Selldorf Architects to Refresh High Museum – The Atlanta museum will close its permanent collection galleries in May for its first rehang in over 10 years. Selldorf Architects will design the reinstallation of the High Museum’s collection, expected to be completed by the fall. The project aims to highlight the collection’s diversity as well as improve the current lighting systems and the building’s accessibility. (Artforum)

Anderson Ranch to Honor Ai Weiwei – The Anderson Ranch Arts Center in Aspen will award Ai Weiwei the International Artist Award at its annual dinner on July 19. Artist Bunny Burson and Charles Burson, the former chief of staff to Vice President Al Gore, will receive the service to arts award. (Press release)


A Mural Recovered in a Whitney’s Former Studio – A portrait of patron Gertrude Vanderbilt Whitney in the style of the Ballet Russe, painted by Howard Gardiner Cushing around 1910, has been peeling away in a 125-foot-long stairwell at Whitney’s former Old Westbury studio. Cushing’s descendants acquired the canvas last year, converted it into 18 framed panels, and are now looking for possible places to show it. (New York Times)

Can a Collector Retitle an Artwork? – Richard Caring, owner of the Ivy and Mayfair nightclub Annabel’s, has decided to rename Picasso’s The Girl With a Red Beret and Pompom, which he bought for a rumored £20 million-plus last year. He has rechristened it “Annabel,” after his nightclub, in order to distinguish it from the many other portraits of Picasso’s muse Marie-Thérèse Walter. Caring is now under fire from art historians who argue he is presenting a “fake context” for the work. (The Times)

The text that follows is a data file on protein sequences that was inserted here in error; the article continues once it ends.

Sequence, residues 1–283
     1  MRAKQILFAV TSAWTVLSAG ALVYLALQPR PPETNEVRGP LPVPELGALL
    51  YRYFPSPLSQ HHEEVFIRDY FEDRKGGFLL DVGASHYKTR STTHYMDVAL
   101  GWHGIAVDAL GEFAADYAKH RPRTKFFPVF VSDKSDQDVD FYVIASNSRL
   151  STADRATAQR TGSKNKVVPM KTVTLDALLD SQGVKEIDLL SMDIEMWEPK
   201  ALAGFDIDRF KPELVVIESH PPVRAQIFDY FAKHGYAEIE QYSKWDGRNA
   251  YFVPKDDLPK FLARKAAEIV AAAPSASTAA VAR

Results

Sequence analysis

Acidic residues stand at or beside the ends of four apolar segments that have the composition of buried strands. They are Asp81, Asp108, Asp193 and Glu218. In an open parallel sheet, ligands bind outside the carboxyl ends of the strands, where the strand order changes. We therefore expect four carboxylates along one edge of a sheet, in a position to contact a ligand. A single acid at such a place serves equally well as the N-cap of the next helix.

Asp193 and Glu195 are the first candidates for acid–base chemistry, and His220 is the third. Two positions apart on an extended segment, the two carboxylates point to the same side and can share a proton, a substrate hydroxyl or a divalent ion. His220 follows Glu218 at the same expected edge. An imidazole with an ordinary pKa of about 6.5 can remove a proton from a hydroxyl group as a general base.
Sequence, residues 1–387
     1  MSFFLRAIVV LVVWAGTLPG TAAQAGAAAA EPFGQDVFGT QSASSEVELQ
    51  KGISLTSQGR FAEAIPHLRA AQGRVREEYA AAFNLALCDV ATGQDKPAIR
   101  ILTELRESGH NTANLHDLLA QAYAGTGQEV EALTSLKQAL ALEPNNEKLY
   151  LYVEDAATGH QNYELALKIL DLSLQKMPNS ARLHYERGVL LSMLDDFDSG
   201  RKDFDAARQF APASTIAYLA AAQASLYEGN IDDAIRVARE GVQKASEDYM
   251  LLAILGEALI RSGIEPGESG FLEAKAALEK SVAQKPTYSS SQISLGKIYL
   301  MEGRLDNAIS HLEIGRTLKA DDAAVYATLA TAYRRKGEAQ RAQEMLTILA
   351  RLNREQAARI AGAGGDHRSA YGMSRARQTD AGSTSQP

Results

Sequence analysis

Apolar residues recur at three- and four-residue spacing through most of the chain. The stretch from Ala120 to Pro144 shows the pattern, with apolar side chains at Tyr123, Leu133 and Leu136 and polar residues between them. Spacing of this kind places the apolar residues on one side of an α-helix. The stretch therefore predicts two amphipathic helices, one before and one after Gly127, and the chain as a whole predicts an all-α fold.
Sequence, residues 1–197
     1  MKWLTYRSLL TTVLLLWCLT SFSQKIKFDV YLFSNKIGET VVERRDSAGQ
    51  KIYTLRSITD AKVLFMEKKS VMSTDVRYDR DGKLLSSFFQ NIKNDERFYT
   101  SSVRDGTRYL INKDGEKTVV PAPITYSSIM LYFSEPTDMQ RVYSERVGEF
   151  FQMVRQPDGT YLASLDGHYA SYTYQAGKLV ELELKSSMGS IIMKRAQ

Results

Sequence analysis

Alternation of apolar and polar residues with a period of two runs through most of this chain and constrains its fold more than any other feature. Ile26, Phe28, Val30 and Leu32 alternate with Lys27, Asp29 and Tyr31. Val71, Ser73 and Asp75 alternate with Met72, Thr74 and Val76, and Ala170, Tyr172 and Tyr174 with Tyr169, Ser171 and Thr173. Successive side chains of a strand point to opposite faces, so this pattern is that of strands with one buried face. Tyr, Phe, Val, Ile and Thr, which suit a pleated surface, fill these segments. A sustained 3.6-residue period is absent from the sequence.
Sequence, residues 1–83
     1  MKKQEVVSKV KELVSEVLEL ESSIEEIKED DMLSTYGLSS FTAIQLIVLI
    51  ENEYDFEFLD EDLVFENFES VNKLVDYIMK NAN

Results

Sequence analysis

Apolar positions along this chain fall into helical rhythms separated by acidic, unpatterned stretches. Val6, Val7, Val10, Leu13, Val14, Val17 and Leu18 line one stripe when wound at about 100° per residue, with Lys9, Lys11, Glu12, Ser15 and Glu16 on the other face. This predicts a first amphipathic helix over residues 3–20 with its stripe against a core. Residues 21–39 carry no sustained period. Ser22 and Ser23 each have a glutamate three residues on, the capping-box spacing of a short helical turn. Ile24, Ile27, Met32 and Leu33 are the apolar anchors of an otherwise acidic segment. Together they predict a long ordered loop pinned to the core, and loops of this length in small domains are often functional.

Missing Nigerian Masterpiece Found in London – A missing 1974 painting of the Ife princess Adetutu Ademiluyi, aka Tutu, by Nigerian artist Ben Enwonwu has turned up in an apartment in north London. The painting, discovered by Bonhams’s director of modern African art, hasn’t been seen for decades. It will be sold at the auction house in London on February 28 with a high estimate of £300,000. (Guardian)

Hedi Slimane Photographs LA Artists – A suite of black-and-white photos of emerging LA artists, shot by Hedi Slimane, the director and new creative director for Céline, appears in the newest issue of Garage. The 13 Los Angeles up-and-comers snapped by Slimane include artists Awol Erizku, Max Hooper Schneider, Martine Syms, Claire Tabouret, and Kandis Williams. See a selection below. (Press release)

Awol Erizku by Hedi Slimane.

Kandis Williams by Hedi Slimane.

Buck Ellison by Hedi Slimane.